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Stopping military abuse probes ‘puts troops above law,’ peace activists warn

LEGISLATION preventing repeated investigations into British troops  over alleged offences would “place armed forces personnel above the law,” the Peace Pledge Union told the Morning Star yesterday.

The Commons defence select committee will today call on the next prime minister to bring legislative changes against the “ridiculous charade” of “vexatious” and repeated investigations into alleged historical offences.

MPs say the proposed legislation, which is subject to public consultation, will stipulate that prosecutions are not in the public interest unless there are “exceptional circumstances” such as if compelling new evidence emerges.

The Ministry of Defence is launching a consultation today on proposals to provide legal protections for serving and former armed forces personnel.

Peace Pledge Union campaigns manager Symon Hill warned that everyone should be subject to the same law as a fundamental principle of justice.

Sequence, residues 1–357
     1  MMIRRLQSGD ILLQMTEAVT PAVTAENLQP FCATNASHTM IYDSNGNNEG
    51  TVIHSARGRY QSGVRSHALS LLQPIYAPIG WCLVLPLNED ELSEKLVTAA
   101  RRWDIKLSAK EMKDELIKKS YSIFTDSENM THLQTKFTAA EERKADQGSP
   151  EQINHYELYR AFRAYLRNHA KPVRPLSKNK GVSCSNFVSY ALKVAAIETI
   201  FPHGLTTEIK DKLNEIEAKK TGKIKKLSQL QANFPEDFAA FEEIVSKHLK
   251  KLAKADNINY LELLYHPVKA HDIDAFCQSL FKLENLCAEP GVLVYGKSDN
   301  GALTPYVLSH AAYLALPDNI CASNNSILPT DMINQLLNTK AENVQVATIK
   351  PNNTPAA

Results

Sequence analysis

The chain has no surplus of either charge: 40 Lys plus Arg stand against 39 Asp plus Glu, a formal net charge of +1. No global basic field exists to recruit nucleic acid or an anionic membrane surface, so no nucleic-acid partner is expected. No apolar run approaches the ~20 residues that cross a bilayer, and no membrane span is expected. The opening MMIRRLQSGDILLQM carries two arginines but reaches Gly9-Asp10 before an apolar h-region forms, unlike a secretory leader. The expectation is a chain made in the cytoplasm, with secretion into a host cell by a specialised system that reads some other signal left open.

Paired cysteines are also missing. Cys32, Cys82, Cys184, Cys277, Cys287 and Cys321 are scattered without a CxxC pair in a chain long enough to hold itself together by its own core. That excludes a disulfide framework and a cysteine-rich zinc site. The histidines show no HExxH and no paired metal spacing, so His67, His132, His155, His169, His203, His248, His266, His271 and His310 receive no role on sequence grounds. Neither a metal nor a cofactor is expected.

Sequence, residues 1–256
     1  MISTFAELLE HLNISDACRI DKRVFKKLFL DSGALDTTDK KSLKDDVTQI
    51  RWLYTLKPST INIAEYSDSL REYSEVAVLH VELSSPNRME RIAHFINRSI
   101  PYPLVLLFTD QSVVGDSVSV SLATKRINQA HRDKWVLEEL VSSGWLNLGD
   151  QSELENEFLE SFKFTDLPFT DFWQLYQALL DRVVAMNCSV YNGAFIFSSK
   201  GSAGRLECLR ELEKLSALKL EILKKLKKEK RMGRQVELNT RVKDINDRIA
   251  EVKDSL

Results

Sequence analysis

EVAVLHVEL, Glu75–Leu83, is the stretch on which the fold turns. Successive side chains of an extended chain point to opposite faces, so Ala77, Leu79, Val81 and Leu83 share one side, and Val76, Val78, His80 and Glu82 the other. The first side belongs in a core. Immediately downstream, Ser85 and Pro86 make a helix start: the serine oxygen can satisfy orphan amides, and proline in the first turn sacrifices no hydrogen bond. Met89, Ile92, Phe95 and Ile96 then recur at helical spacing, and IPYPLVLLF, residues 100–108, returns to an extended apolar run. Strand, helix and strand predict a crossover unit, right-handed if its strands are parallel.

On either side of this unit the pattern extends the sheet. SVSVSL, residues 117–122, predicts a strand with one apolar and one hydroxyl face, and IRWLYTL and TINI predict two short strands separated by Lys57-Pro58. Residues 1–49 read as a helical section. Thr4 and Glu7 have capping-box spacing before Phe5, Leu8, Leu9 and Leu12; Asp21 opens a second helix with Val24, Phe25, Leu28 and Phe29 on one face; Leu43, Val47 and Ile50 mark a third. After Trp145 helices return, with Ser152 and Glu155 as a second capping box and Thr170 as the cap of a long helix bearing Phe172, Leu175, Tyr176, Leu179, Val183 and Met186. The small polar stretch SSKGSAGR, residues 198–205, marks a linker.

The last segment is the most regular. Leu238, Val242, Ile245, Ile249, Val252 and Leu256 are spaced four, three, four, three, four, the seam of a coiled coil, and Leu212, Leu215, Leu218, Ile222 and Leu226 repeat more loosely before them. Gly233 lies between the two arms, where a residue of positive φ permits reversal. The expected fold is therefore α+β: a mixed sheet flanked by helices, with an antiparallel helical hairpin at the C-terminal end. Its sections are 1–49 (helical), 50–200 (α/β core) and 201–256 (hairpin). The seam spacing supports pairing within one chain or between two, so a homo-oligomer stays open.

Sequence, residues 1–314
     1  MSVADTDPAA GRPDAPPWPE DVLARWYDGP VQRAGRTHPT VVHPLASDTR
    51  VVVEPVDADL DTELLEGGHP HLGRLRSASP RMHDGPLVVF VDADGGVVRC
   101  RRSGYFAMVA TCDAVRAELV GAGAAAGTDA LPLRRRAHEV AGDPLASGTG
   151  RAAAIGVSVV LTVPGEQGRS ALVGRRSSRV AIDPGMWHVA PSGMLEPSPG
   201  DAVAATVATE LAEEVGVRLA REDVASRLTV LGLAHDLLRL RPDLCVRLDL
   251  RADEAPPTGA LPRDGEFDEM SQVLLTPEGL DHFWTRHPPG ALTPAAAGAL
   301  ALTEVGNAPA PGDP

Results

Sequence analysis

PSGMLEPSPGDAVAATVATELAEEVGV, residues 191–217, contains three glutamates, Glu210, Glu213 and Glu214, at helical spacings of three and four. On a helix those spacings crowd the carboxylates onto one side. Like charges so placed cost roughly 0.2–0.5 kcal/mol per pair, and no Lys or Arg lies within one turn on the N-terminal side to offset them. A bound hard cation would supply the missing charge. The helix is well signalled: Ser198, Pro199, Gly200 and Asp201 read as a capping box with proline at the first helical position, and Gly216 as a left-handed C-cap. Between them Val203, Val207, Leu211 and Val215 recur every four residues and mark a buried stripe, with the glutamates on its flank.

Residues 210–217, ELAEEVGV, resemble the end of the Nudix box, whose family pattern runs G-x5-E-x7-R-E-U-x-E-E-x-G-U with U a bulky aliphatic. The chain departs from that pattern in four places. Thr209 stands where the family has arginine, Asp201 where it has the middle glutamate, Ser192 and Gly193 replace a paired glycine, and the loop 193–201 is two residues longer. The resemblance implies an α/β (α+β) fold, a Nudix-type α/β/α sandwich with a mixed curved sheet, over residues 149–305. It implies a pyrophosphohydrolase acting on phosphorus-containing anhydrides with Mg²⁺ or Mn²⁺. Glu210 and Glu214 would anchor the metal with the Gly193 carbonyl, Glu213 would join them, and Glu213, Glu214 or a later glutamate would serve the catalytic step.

He said: “By calling for a ‘presumption against prosecution’ the committee is effectively trying to place armed forces personnel above the law. 

“The militarist lobby has whipped up fears of a ‘witch-hunt’ of British veterans. Meanwhile, in the real world, British veterans are rarely prosecuted and almost never convicted of war-related crimes.

“When this does happen it is invariably low-ranking troops who are in the dock, not the senior officers who commanded them.” 

Mr Hill pointed out that cases are more likely to be reinvestigated where internal military investigations have not been trusted.

He said: “If militarists are as concerned about veterans as they claim, they should be campaigning for decent housing to address the needs of Britain’s 13,000 homeless veterans and calling for improved mental health services to assist the disproportionate number of veterans with mental health problems.”


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